China—Sacrificing Short-term Volatility for Long-term Gains
China was the party capital of investment growth in 2009; but in 2010 and so far in 2011, it’s turning out to be quite the opposite as far as performance goes. However, in the long term, China still thinks it's a potentially very rewarding bet.
My investment advice is to ignore the short-term volatility and look to the longer-term for price appreciation.
It continues to be an extremely rough ride for small Chinese stocks, specifically those formed via reverse mergers; yet, much of the selling may be overdone.
China’s economic growth continues to be stellar, but inflation is an issue. Inflation in China surged to 5.5% in May, the highest level in about three years. The country’s consumer price index (CPI) could hit a staggering six percent in June, according to the National Development and Reform Commission (NDRC) in China.
In response, the Chinese central bank has increased the bank reserve ratios in an effort to stall lending. I also expect another interest rate increase if the situation does not improve.
Factory orders are slowing. This is more confirmation of some stalling in China’s economic engine, which will have an impact on economic growth and other global economies that deal with China, including Europe, India, and the U.S.
The country’s GDP is slowing. For 2011, GDP is estimated to grow by 8.7%, according to the World Bank. The growth is well down from the double-digit growth in 2010. Again, despite the stalling, the growth is well ahead of the U.S. and Europe.
In fact, economic growth in the Asia -Pacific region is promising, such as seven percent growth in the developing Asian economies and a stellar 8.3% for China’s neighbor, India. You continue to have all of the ingredients in the Asia-Pacific region for above-average long-term price appreciation and I recommend putting some capital there.
Companies continue to invest heavily in China. Just take a look at the foreign automakers and the billions they are investing in China. We are seeing more technology companies moving key research to China. The fact is that China will continue to offer companies growth opportunities outside of its respective domestic borders, whether in the U.S., Europe, or Japan. Foreign direct investment continues to be strong. What is impressive is that companies with foreign investment employed about 45 million people in China.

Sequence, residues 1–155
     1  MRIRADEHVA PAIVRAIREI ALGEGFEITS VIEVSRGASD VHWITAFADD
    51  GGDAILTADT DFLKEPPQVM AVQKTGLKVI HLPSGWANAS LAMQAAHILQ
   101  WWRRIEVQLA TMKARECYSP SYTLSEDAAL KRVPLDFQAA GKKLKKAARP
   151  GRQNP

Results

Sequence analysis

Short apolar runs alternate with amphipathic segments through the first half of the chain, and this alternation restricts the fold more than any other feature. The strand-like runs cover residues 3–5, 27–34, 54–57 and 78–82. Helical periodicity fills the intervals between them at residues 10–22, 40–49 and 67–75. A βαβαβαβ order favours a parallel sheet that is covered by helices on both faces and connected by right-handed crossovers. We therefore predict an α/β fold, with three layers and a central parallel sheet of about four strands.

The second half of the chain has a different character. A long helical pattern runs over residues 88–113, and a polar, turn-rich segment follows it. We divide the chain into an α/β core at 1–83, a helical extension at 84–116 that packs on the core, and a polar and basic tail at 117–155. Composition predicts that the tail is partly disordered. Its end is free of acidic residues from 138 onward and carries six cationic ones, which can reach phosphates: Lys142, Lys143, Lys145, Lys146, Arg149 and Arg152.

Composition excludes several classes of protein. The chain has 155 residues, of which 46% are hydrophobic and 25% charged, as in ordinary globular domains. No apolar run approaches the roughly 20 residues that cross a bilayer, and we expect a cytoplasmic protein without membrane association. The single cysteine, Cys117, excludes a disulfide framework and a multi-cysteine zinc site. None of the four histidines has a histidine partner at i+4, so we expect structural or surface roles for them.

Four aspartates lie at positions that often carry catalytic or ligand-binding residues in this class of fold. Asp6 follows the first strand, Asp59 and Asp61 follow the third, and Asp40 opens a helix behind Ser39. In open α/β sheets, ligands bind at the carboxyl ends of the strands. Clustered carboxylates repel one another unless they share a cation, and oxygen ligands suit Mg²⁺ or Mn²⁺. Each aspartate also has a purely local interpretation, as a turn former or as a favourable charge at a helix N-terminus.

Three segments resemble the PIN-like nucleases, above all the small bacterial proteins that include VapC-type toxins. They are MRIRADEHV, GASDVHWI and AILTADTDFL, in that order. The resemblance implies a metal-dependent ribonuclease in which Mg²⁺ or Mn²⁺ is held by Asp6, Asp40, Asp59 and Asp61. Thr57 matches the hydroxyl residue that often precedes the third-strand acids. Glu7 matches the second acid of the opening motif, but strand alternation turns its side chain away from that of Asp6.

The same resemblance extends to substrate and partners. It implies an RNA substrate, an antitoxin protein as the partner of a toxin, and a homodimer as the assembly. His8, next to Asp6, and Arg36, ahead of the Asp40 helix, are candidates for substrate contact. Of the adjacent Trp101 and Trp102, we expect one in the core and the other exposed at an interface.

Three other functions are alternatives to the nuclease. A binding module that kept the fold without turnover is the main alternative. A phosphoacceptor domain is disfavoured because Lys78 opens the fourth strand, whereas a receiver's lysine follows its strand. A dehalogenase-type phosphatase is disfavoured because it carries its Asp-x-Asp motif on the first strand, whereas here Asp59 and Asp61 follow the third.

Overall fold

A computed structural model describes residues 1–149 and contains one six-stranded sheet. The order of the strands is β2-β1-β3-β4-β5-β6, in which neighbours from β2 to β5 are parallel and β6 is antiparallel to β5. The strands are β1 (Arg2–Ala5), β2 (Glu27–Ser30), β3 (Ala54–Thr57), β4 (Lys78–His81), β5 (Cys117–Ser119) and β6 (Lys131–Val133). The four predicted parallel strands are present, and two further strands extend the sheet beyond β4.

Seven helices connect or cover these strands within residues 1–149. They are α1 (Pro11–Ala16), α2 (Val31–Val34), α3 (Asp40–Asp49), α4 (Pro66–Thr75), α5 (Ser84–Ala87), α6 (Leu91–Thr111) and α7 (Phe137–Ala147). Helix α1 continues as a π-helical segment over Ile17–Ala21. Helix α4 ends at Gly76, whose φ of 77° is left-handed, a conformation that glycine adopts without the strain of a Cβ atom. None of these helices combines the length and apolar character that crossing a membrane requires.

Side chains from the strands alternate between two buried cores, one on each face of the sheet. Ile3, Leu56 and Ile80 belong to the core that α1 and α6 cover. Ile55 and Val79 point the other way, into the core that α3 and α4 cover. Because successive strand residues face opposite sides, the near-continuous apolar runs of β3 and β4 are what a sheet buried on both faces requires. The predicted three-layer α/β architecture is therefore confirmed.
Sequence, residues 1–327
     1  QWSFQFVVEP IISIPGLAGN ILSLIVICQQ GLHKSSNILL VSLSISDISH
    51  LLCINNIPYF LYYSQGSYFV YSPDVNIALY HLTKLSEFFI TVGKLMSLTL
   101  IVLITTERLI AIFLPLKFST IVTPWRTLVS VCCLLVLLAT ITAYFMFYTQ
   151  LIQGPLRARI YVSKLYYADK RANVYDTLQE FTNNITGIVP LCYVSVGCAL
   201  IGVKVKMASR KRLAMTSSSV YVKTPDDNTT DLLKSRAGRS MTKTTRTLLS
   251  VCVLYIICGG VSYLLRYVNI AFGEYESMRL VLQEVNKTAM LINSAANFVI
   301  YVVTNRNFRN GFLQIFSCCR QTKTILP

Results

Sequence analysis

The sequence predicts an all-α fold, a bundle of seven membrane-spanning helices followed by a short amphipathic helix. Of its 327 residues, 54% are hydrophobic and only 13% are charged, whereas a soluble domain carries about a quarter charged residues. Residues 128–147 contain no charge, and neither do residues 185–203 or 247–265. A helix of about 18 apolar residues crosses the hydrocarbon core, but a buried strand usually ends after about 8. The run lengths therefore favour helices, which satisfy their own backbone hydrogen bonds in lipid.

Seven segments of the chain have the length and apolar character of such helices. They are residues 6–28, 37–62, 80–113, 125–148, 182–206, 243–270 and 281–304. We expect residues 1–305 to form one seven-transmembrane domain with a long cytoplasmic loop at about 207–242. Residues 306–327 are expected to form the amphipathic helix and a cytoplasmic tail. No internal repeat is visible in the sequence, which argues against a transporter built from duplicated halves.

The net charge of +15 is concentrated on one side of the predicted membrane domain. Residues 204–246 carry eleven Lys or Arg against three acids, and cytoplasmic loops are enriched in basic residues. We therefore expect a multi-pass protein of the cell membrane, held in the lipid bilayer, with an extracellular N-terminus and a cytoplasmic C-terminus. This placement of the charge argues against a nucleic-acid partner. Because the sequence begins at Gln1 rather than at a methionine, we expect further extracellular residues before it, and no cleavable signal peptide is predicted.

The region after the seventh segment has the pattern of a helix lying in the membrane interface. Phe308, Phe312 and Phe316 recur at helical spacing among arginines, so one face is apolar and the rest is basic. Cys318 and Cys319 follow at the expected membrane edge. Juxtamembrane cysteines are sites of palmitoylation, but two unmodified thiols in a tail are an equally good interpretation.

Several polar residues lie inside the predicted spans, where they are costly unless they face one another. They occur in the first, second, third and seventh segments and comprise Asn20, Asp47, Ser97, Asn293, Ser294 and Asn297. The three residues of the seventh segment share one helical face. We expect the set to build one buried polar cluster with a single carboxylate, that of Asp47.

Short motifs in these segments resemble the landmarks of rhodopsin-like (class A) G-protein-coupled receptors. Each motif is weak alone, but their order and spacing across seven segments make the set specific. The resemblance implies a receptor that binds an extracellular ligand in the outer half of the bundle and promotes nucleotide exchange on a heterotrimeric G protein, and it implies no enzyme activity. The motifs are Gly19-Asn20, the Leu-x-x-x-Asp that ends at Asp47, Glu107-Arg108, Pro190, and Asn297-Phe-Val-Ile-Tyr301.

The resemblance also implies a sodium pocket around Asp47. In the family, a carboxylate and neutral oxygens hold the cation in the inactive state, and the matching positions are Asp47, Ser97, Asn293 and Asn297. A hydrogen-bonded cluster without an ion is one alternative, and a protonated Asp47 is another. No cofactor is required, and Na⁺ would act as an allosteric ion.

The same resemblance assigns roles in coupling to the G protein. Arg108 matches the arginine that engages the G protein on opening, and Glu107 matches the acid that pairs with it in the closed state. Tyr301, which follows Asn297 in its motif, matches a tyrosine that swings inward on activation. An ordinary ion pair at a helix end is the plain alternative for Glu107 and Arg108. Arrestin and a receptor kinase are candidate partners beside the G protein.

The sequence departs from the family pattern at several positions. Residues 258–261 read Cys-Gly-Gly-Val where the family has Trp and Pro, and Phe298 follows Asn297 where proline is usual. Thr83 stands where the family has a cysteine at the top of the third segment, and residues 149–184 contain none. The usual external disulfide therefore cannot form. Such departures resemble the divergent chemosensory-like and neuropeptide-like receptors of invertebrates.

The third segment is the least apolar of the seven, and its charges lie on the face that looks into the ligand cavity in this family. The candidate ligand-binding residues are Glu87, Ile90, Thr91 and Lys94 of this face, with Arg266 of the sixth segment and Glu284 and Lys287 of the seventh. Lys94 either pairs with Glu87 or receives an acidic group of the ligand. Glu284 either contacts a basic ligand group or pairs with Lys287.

The concern that I have has more to do with the short term. The fear is obviously the high inflation that needs to be controlled. The country is working hard to rein in loans and easy money and is establishing tight restrictions on property speculation. The rise in the value of property has been staggering, but is showing some slowing in recent months.
In addition, the slide in the Euro along with the economic growth issues in many regions of the Eurozone could drive down the demand for Chinese goods if a double-dip recession materializes. China has been buying up European debt, which will give the country more influence.
In the short term, there are major risk factors hindering the economy and stocks. In my view, the risk is much higher now, especially in the small-cap Chinese area. Avoid any reverse-merger Chinese stocks for now due to the high downside risk.
The key is patience to withstand the market jolts and believing in the long-term prospects of China. Buying on market dips make sense.
The near term poses plenty of risk, but, longer-term, I continue to favor China as a growth area for trading opportunities. Just be very careful.
Retire on This One Hot Stock!
This stock is up 232% since we first picked it. Our expert analysts say it will go up another 100% in the next 12 months! Our top 19 stock picks were up an average of 173.57% in 2010 (not a misprint). See where we are making money in 2011 and get our combined 100 years of investing experience working for you starting today.
Get your FREE report on our top stock pick immediately here.
# # #
We publish Profit Confidential daily for our customers because we believe many of those reporting today’s financial news simply don’t know what they are telling you! Reporters are trained to tell you the news—not what it can mean for you!
Visit our site: